Protecting Your Network 

JDL Group can help you put in place the right cyber security measures for you and your organization. If you want to learn more about protecting yourself and your employees from phishing campaigns check out our free anti-phishing toolkit.  

References: 

https://www.infosecurity-magazine.com/next-gen-infosec/reward-flag-phish-highlight-failed/

https://www.sophos.com/en-us/products/phish-threat.aspx

 

Phish testing your employees is a vital part of any security awareness program.  It seems logical that by exposing employees to phishing and helping them identify tactics, the chance of anyone in your organization to be phished lessens.  But does it?

When employees who failed phish tests are called out, made to feel poorly or singled out in a group the exact opposite can happen.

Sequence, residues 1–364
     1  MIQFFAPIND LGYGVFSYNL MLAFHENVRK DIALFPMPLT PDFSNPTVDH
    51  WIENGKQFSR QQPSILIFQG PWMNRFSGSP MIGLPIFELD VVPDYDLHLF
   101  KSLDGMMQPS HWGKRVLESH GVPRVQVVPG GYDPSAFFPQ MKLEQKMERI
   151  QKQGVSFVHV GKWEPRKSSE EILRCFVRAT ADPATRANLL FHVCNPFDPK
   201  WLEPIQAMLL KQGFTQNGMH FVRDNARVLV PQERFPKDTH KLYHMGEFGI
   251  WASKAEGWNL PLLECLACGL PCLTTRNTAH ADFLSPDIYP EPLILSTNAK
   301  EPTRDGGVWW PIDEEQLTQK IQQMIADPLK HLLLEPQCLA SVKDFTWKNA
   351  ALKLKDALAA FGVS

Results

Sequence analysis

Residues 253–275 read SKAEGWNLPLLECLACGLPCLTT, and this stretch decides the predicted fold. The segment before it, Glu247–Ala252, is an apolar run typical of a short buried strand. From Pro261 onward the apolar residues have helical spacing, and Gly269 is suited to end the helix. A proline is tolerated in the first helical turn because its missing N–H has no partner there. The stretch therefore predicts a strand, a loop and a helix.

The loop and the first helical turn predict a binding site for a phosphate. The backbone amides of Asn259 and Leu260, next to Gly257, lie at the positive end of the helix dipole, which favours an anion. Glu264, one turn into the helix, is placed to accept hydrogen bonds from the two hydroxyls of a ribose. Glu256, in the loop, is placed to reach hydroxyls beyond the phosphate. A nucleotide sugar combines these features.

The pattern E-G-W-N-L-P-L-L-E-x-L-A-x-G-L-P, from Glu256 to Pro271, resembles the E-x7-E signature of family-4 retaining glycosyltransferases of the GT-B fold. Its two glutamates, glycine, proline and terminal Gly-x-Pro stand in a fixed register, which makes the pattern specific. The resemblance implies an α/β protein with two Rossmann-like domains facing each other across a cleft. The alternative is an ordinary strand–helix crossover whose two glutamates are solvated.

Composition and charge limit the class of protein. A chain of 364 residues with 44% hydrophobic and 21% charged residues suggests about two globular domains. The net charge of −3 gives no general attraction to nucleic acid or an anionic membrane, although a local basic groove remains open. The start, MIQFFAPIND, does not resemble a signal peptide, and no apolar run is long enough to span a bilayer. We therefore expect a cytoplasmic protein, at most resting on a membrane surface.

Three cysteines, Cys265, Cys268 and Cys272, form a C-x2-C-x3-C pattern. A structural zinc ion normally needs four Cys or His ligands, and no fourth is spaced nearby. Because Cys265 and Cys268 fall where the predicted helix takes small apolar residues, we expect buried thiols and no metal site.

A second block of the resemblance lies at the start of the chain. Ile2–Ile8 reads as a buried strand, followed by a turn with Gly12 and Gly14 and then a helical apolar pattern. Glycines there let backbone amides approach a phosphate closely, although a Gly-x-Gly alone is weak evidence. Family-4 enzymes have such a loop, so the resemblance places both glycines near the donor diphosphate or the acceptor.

End users are the largest, most vulnerable target in most organizations. In real-world attacks, end users are relentlessly bombarded with spear-phishing and socially engineered schemes.

As the champion of your organizations cyber security, it is imperative that these tests be used as teachable moments to educate and encourage your end users.

Use Failure as a Teachable Moment.

Look at the failure of phish testing in a different light: you’ve identified a weakness in your security that can now be remedied.

Effective Phish Testing Checklist

Every phish test should follow some basic tenets in order to educate users:

  1. The links in a phish test campaign should go directly to a site with immediate education.
  2. Do not call out or embarrass users who fail the test.  Public shaming results in decreased threat reporting.
  3. Do not tie user responses to employee evaluation testing.  Doing so can can create resentment towards security, which is not good for the organization.